READY TO HELP: Crisis training program graduates eight officers

Published 6:00 am Friday, February 10, 2023

Getting your Trinity Audio player ready...

NATCHEZ — Eight officers including five from Adams County Sheriff’s Office, two from Natchez Police Department and one from Port Gibson Police Department received their Crisis Intervention Team certification on Friday after completing an entire week — 40 hours — of training.

These officers are Geneva Bacon, Charles Clemons, Gabrielle Knight, Quierra Pointer, and Lane Vestal of Adams County Sheriff’s Office; Henry Johnson and Michelle Martin of Natchez Police Department; and Russell Dorsey of Port Gibson Police Department.

It was the first training of its kind to be organized and hosted by Southwest Mississippi Mental Health. The training took place at the Adams County Safe Room at 323 Liberty Road last week. Their training ended with a graduation Friday, Feb. 3, where each officer received their CIT officer designation with identifying pins and shirts so they would be easy to identify by those who need them.

Email newsletter signup

The special guest speaker for the graduation was Sitanel Wimbley, the Executive Director of the Mississippi Chapter of the National Alliance on Mental Health and a Natchez native.

She described the definition of a hero — a person of courage, honor and self-sacrifice — and how it applies to police officers. She shared that it was her older brother who about three years ago attempted to break into the Adams County Jail in order to be arrested and take shelter there because he was told that they could not keep him there unless he was arrested.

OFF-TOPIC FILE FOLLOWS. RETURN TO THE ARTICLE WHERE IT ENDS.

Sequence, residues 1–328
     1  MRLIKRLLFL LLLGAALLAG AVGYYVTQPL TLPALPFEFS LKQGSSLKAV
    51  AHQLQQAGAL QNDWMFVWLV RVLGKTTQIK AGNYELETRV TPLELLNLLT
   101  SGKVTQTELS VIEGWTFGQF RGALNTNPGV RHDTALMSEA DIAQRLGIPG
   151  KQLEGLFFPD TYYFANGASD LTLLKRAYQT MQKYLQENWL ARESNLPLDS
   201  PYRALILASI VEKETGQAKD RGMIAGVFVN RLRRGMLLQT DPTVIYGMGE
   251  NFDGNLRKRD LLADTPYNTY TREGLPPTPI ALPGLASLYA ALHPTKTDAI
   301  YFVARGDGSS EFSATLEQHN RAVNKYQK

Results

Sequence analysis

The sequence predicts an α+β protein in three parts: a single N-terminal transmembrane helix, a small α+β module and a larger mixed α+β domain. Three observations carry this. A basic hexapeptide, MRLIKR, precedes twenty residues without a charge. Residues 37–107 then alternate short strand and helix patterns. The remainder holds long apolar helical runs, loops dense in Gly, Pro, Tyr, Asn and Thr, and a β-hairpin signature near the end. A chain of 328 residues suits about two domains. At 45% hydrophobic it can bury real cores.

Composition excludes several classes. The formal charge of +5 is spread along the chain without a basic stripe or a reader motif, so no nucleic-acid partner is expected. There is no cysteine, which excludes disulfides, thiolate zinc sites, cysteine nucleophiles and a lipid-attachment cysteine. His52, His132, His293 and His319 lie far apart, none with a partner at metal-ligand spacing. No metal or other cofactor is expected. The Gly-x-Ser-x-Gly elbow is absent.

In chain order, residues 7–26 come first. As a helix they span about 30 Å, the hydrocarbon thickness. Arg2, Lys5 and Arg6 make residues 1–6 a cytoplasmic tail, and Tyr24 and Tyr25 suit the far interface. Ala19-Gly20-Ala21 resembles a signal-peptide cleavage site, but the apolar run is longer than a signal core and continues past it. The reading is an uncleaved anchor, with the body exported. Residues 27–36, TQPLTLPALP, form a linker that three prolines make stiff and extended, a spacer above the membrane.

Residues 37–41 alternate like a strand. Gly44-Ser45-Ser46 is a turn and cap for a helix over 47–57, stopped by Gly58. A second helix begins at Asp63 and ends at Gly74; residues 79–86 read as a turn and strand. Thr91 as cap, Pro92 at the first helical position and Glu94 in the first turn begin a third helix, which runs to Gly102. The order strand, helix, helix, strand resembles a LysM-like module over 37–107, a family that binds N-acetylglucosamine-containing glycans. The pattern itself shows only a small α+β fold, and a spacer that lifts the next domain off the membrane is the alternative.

“I do what I do because I know how this goes. I know people who struggle in this community because I grew up in this community. I grew up on West Steirs Lane,” she said. “Knowing that, knowing the situation he went through, I thought to myself where are the heroes who know about mental health? Where are the people who can step up and say, ‘This is weird behavior; who wants to go into the jail?’ But we didn’t have anyone who was signed up on paper as a mental health advocate.”

Crisis Intervention Team training equips law enforcement to address behavioral and mental health needs when they respond to calls in their communities, said CIT Coordinator Mike Bowman.

“We gave them a quick intro to mental health conditions, such as dementia and all of these things. We covered how to de-escalate a situation and the resources that are available to them,” Bowman said.

One resource that will be available soon to law enforcement and the general public in the Natchez community was announced during Friday’s graduation celebration.

Southwest announced an upcoming grand opening of two “Turning Point” centers that will be open 24-7 for a single point of entry for assessment, triage and referrals for those in a mental health crisis.

One will be located at the new Natchez campus at 150 Jefferson Davis Blvd. and the other at 110 Franklinton Street in Tylertown.

A grand opening for the Natchez location is scheduled from 11 a.m. to 1 p.m. on Feb. 27.

“It’s set up like a living room environment with two beautiful recliners. The whole idea is to calm them and determine the most appropriate level of care for them,” said Margo Brooks, the director of administrative services.

Referrals to these centers can be made by law enforcement, first responders, families and any other community partners, she said.

“The goal of this program, Turning Point, is to reduce the number of those individuals who suffer from a mental health crisis from being involved in the criminal justice system or placed in the state mental health hospitals,” Brooks said. “We have an urgent need and mandate to reduce the number of people going to jail for their mental health crisis and from going to the state hospital. You’ve been trained to help us meet that goal and we’re counting on you. You all have earned your status as CIT officers. Now help us better serve our communities.”

Other such training programs will be hosted by Southwest Mississippi Mental Health at various locations throughout the organization’s 9 county service area. Another training is scheduled for Feb. 13 through 17 in McComb. The training is free to all law enforcement officers and departments interested in attending. They can register by calling (601) 551-4581 or emailing

Interim Natchez Police Chief Cal Green said it’s a goal of hers to have all NPD officers receive their CIT training to meet the needs of the community.